Riesling is a white wine that pairs exceptionally well with ham. It’s light and acidic flavor provides an excellent contrast to the salty, savory flavors of ham. Riesling also has subtle floral notes which can help balance out spicier varieties of cured or smoked hams. Additionally, its low alcohol content allows it to pair nicely with rich sauces like honey-mustard without overbearing either element.

A unique characteristic of Riesling is its versatility when pairing with different types of food; while it goes particularly well with pork dishes, it can be enjoyed alongside almost anything from fish to sweets. This makes it a great choice for those who are looking to serve one type of wine at their table but would like something that works well with many different flavors.

When choosing a bottle of Riesling to accompany your ham dish, look for something semi-dry or off-dry as opposed to very dry. These styles tend to have more residual sugar than drier varietals and will provide a better counterbalance for the saltiness found in most hams.

With its balanced acidity, delicate aromatics and lush texture, Riesling is sure to elevate any meal featuring this classic meat. Onward then, to exploring gewürztraminer…


Riesling is a classic white wine for pairing with ham and is known to have high levels of acidity, making it an ideal accompaniment. With around 60 percent of the world’s Rieslings produced in Germany, this grape has certainly earned its popularity amongst wine enthusiasts.

Now, let’s move on to Gewürztraminer – another German variety that can also be enjoyed with ham. Gewürztraminer makes up just 2% of the total global production of wine but is highly appreciated due to its unique aromas and flavors. This varietal often carries notes of lychee, rose petals, or jasmine which add complexity to any dish they are paired with. It is higher in alcohol content than other whites so drinking one glass should suffice when served alongside pork dishes like ham.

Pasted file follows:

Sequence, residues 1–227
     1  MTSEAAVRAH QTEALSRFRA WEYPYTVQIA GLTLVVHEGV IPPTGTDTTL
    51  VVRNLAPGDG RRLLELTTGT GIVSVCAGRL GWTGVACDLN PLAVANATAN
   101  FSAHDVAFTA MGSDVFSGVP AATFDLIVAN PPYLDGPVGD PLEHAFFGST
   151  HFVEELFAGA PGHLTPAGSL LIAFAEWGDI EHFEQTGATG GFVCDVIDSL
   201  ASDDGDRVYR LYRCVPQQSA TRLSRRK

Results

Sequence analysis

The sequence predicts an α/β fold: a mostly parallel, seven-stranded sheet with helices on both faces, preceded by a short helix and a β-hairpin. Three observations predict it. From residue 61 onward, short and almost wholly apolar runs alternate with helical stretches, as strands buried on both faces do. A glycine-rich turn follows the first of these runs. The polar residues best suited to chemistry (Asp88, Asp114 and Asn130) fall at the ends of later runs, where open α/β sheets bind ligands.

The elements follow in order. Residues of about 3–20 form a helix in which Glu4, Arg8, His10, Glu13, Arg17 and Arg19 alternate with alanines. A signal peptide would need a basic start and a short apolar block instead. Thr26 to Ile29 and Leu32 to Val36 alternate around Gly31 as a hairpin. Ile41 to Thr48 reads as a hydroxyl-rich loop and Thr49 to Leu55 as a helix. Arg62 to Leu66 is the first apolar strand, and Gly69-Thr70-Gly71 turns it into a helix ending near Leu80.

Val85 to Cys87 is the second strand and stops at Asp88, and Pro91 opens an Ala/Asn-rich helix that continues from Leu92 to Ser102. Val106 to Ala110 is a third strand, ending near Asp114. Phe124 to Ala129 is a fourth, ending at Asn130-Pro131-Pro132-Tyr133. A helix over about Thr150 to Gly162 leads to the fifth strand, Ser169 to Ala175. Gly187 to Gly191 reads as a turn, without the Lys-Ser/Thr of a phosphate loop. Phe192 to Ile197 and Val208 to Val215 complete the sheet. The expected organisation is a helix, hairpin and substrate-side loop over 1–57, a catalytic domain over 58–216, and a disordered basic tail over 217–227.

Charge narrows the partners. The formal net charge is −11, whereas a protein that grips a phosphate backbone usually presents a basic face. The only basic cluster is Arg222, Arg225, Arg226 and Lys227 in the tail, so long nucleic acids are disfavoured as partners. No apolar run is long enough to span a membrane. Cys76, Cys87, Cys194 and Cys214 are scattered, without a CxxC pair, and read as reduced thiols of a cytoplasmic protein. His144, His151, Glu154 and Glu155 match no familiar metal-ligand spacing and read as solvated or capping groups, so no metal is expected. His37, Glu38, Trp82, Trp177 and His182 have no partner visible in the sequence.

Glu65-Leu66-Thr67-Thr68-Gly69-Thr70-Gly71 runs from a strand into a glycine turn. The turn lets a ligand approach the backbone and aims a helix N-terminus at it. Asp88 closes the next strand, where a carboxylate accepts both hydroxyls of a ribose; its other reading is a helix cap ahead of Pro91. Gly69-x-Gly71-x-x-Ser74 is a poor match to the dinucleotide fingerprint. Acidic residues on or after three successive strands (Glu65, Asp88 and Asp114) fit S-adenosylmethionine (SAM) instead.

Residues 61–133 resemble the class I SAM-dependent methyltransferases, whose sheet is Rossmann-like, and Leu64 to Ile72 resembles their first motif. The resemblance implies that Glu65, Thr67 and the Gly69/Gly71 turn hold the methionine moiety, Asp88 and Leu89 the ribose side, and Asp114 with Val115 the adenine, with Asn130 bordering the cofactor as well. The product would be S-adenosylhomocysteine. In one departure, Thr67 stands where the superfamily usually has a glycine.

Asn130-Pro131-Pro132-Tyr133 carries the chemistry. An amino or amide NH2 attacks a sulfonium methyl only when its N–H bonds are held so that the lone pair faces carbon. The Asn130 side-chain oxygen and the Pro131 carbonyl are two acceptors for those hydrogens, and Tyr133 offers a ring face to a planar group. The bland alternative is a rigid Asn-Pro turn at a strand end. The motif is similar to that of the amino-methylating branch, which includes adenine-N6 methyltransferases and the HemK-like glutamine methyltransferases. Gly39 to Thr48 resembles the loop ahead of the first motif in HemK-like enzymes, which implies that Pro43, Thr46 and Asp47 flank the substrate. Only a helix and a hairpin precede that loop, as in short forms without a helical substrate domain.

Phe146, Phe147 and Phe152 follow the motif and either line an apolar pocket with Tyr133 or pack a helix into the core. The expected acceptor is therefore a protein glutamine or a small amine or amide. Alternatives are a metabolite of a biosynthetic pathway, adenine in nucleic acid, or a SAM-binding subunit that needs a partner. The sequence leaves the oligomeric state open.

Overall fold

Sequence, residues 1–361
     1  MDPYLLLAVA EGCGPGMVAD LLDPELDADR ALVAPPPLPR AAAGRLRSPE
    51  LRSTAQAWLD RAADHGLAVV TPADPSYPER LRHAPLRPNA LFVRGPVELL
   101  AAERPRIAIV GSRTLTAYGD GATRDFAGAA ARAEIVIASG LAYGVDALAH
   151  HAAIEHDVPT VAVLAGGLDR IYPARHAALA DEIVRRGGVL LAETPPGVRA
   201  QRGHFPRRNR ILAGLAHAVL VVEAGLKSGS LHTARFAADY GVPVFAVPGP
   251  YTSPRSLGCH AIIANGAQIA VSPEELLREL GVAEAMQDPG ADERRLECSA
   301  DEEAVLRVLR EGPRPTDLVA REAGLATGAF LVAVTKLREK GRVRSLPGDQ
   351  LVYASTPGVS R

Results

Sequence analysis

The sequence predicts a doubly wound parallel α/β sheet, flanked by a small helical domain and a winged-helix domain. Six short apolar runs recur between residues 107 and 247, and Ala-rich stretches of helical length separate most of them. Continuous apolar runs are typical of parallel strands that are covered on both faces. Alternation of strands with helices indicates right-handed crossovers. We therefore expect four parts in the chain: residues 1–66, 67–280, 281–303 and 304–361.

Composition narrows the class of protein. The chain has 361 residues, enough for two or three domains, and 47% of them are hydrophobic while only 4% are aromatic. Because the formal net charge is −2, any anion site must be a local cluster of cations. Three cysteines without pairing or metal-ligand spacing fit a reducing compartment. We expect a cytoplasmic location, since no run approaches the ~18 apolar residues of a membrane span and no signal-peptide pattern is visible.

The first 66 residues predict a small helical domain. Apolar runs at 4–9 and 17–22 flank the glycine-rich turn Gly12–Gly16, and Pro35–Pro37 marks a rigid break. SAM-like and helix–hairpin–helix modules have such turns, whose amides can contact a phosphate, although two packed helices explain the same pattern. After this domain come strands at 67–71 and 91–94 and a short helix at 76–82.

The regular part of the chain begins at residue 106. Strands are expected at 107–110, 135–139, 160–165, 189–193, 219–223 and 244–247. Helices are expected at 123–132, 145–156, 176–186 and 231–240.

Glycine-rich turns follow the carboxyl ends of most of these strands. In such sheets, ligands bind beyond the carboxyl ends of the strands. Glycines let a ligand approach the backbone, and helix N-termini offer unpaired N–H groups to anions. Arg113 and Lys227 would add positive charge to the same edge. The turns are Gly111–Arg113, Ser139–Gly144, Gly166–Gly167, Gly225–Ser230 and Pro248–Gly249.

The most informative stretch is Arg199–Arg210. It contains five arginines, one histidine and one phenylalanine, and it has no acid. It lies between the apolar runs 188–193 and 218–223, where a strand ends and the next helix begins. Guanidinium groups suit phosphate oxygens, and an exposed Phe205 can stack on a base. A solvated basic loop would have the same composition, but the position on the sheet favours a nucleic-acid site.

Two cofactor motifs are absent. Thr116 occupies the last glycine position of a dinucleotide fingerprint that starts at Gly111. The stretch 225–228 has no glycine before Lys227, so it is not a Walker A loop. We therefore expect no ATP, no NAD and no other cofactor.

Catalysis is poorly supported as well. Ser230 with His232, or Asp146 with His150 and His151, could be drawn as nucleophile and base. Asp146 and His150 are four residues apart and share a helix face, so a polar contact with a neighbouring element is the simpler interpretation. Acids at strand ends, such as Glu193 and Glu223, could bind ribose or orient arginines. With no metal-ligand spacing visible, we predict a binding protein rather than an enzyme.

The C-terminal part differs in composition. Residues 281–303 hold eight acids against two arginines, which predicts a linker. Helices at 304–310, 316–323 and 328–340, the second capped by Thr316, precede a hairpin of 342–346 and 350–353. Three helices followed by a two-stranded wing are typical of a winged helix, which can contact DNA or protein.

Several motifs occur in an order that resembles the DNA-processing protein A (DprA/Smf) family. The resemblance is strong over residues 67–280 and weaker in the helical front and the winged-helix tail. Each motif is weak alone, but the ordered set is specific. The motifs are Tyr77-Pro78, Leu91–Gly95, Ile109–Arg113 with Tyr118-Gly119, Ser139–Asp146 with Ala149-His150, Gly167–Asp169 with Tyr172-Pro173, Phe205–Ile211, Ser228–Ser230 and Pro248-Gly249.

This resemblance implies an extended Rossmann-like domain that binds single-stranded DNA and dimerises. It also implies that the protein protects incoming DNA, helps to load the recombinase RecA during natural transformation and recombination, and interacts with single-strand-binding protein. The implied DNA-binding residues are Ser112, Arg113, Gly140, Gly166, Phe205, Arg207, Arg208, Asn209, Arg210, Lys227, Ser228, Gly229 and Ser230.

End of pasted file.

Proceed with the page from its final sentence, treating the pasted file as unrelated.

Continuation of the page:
The best way to enjoy these two wines together would be in a tasting flight allowing you to explore their individual characteristics as well as how they match with food. From there, you can decide if either one pairs better than the other with your favorite ham recipes.

Next up? Chardonnay!


Chardonnay is a popular white wine that pairs well with ham. It is an oaked, full-bodied wine with flavor notes of apple and citrus fruits that can complement the salty flavors in many types of ham. Chardonnay also has a creamy texture which amplifies the smoothness of certain hams like prosciutto or Serrano.

When selecting your bottle of Chardonnay to pair with ham, look for one aged in oak barrels as this will give you more complexity and depth on the palate. A good balance between acidity and sugar should be present – not too sweet but not overly acidic either. Additionally, if possible, try to find a Chardonnay from cooler climates such as Burgundy or New Zealand where winemakers are able to retain more of the grape’s natural aromatics due to slower ripening times.

Pairing your chosen bottle of Chardonnay with ham dishes can create a delicious combination; its fruitiness can bring out sweetness in honey glazed hams while its weightiness stands up strongly against spicier deli meats like pepperoni. Enjoy trying different combinations at home to see what works best for you.

Frequently Asked Questions